Tony Mantuano was so vigilant in his quest to introduce the Windy City to Italy's best cheese, finest wine and the precise mixture of olives, that the pricey Spiaggia changed the way Italian food was perceived in the U.S.
But few diners knew they can still experience Mantuano's masterpieces at a few steps away without cashing in all their junk bonds. Creativity and affordability meet at Cafe Spiaggia, where guests can alternate their gaze between panoramic views of Lake Michigan and the interior's 15th-century frescos inspired by the Camera degli Sposi in Mantua. Touches of the new millennium, like oversized wine glasses and contemporary table settings purchased from local businesses, are showcased in glass at various locations throughout the restaurant.
The menu at Cafe Spiaggia is a similar marriage between the tried-and-true and newer concoctions. The appetizer menu, generally priced at a reasonable $10, offers crab cakes, a Creole classic, garnished with capers and olives and sided by an aioli dipping sauce. Artichokes, or carciofi ai forno, are rolled in lemon, garlic and chili and toasted in the Spiaggia-perfected wood burning oven. For ladies who lunch, the pea salad is a fantastically sweet combination of pea shoots, pea tendrils and sweet peas garnished with bacon, cheeses and a lemon vinaigrette.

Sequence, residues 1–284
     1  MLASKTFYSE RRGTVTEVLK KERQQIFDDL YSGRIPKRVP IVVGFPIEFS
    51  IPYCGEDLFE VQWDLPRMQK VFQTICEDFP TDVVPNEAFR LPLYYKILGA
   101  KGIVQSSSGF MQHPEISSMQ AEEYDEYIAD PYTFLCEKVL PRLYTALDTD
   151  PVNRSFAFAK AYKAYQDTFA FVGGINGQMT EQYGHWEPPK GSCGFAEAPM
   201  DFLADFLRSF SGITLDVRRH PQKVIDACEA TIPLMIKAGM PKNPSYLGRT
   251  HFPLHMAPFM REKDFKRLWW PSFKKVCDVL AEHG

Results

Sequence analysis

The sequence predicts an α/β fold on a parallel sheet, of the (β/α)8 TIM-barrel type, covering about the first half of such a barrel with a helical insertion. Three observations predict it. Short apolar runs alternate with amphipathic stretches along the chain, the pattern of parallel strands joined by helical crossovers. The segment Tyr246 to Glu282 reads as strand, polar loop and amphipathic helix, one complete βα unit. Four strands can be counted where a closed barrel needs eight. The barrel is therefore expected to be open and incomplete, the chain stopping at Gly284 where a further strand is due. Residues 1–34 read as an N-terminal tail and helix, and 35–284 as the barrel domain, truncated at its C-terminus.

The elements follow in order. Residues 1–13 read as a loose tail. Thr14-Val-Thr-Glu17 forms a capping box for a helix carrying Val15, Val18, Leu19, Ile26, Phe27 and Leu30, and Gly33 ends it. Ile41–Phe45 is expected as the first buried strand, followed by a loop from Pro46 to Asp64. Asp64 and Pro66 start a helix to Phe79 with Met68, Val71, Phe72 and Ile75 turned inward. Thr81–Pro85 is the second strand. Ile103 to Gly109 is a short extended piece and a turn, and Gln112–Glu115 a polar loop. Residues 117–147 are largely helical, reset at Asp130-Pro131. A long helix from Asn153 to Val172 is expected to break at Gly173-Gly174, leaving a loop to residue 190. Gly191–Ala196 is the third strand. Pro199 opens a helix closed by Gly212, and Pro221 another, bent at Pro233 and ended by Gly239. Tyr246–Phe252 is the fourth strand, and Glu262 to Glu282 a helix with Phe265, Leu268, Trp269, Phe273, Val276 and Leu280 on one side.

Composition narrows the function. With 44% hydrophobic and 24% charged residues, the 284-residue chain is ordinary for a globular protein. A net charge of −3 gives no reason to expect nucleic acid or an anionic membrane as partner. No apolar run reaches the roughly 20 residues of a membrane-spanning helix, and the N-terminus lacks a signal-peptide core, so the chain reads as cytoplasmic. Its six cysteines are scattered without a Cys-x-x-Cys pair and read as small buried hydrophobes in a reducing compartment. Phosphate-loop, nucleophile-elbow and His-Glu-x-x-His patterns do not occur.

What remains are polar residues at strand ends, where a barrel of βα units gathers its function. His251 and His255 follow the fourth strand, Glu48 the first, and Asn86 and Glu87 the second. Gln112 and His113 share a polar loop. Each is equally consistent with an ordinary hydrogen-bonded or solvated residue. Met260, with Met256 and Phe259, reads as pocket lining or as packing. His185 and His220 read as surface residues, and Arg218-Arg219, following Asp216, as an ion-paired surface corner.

If you can stay for the whole meal, sample one of Cafe Spiaggia's signature dishes, potato gnocchi surrounded by a generous serving of braised oxtail. If gnocchi is practicality, then the lasagnetta is the most perfect indulgence. Executive chef Missy Robbins describes it as lighter than typical lasagnas, as it's composed of only two layers and doesn't contain marinara, instead using two cheeses, bean, peas and asparagus.
Finish with tiramisu, a dish consistently recognized in any Chicago foodie awards category. Less ambitious dessert-takers can opt for the gelato, which comes six to an order in a variety of flavor choices.
Average cost: $21-$30
Centerstage Reviewer: Robin Wright